Ancestral Wisdom The Legend of El Dorado

Votive figure in the shape of a ceremony. Eastern Cordillera. Muisca Period 600/1600

El Dorado

Title: Votive figure in the shape of a ceremony
Creator: Eastern Cordillera - Muisca Period
Date: 600/1600
Physical Dimensions: w102 x h101 x d195 mm
Type: Goldwork
Location: The Offering room
Technique: Lost wax casting in tumbaga
Finding: Colombia, Cundinamarca, Pasca
Accession number: O11373

The Muisca Raft associated to the mythical Eldorado legend is one of the most famous objects of Colombian heritage. When the Spanish conquerors arrived to the high plateau of Bogotá, after chasing the fabulous Dorado country for 36 years in the American continent –a myth in the mind of the Europeans for centuries– they heard of a chieftain called Guatavita who covered his body in powdered gold, and sailed into a lake in the raft to toss offerings made out of the precious metal into the sacred waters. The conquerors took the gold from the Indians and therefore they never saw the ceremony to which this object found in a cavern in the Andes in 1969 granted us privileged access to. The chieftain is in the centre, with a rectangular nose ring, a hair band and earrings, plus a chair resembling the ones of the Taínos in the Caribbean Sea; in front there are two priests with jaguar masks, another one carrying a poporo. There are seven people more, feather standards and a decorated floor. The size of each person indicates his social hierarchy.

When observing the raft in detail it is interesting to stop and think how it was made. The object was modelled in wax sheets and threads and then cast in lost wax. The irregular surfaces indicate that it was not polished after being cast, which was customary amongst the Muiscas. But we discover a casting fault: many triangles on the floor which should have been in fretwork were closed with metal and so it did not suffice to complete the threads in the front. Fortunately! Undoubtedly this asymmetry gives the object dynamism and artistic interest. Why did this happen? The answer lies in the chieftain’s earrings, which are fixed upwards instead of hanging. Frequently the Muisca goldsmiths preferred to melt the whole object in one operation, including the pendants: they adhered the wax pendants to the rings also made of wax for the metal to flow from one to the other and then they sought to separate them with a small tap, as was the case for the nose ring and its pendants, but not for the earrings. Here we realise that the goldsmith took on a great task here: the Muisca Raft is not welded, the complete scene with its objects, eleven human figures and even the mobile pendants was made in wax as one piece and then melted in the same operation. Everything worked fine in the huge mould of highly complex details, except the fretwork on the floor.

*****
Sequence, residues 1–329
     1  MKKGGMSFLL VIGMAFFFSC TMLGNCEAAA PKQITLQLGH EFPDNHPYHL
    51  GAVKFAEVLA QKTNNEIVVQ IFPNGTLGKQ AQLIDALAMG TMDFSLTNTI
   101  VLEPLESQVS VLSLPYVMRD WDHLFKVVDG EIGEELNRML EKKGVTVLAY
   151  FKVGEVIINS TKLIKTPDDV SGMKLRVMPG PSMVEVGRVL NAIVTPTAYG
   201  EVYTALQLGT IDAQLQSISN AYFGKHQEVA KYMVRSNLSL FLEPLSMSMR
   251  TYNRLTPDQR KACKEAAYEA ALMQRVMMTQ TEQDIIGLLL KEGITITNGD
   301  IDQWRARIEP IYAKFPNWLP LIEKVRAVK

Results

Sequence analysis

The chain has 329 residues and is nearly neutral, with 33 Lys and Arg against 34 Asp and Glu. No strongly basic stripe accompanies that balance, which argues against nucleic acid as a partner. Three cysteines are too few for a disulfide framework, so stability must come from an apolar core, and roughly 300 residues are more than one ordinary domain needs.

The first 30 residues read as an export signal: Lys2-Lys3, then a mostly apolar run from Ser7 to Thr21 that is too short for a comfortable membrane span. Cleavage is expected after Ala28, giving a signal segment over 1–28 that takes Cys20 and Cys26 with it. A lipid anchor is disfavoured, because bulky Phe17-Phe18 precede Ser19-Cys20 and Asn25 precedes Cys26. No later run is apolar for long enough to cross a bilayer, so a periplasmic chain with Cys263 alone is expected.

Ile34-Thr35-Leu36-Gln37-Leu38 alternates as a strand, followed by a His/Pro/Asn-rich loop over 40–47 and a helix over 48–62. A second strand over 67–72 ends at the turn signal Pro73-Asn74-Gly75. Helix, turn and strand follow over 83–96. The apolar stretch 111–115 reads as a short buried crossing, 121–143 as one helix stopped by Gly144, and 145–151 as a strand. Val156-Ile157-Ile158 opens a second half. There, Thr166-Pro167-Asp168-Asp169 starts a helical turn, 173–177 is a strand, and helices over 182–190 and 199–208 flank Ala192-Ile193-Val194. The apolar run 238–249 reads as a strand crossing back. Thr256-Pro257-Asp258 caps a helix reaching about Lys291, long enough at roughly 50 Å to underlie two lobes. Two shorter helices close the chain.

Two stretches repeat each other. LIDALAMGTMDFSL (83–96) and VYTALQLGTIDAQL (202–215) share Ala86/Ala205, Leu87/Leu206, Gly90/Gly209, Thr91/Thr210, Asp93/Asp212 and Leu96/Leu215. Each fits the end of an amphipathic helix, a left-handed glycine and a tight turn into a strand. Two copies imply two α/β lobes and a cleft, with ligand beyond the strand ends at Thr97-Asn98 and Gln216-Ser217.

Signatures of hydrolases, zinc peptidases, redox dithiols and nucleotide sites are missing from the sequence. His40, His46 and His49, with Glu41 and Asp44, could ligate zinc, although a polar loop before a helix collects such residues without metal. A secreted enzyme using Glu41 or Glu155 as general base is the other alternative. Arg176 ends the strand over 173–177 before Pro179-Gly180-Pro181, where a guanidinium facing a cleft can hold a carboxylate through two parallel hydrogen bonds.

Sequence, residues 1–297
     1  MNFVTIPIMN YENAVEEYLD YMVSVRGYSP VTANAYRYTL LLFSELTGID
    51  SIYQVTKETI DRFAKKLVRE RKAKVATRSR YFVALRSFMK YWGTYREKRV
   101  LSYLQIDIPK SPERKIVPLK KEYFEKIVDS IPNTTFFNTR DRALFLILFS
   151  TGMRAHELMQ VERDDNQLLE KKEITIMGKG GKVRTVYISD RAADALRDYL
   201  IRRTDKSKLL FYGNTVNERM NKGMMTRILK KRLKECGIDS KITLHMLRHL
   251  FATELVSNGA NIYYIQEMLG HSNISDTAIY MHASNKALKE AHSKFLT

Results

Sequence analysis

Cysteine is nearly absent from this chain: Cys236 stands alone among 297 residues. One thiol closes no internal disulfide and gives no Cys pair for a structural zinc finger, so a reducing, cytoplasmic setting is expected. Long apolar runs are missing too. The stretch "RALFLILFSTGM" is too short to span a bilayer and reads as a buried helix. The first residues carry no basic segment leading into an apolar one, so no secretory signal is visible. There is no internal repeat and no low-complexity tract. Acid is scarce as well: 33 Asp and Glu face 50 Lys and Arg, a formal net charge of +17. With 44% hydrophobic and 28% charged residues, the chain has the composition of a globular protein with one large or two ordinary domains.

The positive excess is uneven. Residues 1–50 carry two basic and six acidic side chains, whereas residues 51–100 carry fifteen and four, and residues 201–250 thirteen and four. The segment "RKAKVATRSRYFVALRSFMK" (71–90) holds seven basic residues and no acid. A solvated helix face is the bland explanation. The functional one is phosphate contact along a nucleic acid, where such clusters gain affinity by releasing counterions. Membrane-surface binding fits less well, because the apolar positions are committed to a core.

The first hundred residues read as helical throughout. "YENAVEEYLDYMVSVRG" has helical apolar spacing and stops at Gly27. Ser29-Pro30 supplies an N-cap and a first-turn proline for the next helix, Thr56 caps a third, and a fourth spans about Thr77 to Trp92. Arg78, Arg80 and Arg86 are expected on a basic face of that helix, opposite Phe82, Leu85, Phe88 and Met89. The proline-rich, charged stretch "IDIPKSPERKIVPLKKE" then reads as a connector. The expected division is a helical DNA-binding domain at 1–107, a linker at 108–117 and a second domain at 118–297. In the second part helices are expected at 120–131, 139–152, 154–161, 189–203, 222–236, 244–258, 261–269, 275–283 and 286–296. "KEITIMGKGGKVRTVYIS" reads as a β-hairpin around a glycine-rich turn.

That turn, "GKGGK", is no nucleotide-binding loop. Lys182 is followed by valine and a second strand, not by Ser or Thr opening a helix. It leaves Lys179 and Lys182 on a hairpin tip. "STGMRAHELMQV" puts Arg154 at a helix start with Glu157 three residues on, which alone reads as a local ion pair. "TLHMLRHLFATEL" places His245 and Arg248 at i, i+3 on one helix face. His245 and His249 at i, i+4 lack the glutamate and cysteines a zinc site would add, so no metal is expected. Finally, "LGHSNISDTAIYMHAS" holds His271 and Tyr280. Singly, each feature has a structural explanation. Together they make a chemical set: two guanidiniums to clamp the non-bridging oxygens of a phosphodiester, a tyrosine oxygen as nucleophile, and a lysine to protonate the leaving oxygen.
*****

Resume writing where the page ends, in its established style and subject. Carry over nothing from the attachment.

The raft is the most extraordinary goldsmithing piece of the Muiscas that we know of, as it was the case when it was made. EL

Perhaps the most famous ritual performed by pre-Hispanic peoples is that of El Dorado. The piece of pre-Hispanic art that gave rise to the El Dorado legend is the Muisca raft. 

The Muisca raft is considered a pre-Hispanic master piece. It was not meant to be an adornment or a sign of status, but an offering to the gods, as a message or request on behalf of the Muisca people. Thus, the raft was buried in a cave. 

Unearthed in 1969, it was the physical confirmation of what the Spanish chroniclers had written and heard about: a golden king covered in gold, who would dive deep into a lake before taking his place as heir and new chieftain of the Muisca people. Little they knew that, to indigenous people, gold was a sacred metal, associated with the sun, the source of life on earth, never to be accumulated as wealth. 

In their lust fo find gold to finance their crown, the Spanish destroyed, pillaged and slaughtered in the search for the mythical golden king. However, they never got to witness the sacred ritual of the crowning of the Muisca chief.